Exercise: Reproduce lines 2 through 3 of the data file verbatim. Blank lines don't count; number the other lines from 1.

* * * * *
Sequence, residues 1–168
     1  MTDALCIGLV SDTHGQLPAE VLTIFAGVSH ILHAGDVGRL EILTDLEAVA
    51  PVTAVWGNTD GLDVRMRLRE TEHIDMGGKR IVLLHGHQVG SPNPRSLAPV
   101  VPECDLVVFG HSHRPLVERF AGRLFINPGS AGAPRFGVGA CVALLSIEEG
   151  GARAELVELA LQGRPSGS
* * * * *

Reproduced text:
     1  MTDALCIGLV SDTHGQLPAE VLTIFAGVSH ILHAGDVGRL EILTDLEAVA
    51  PVTAVWGNTD GLDVRMRLRE TEHIDMGGKR IVLLHGHQVG SPNPRSLAPV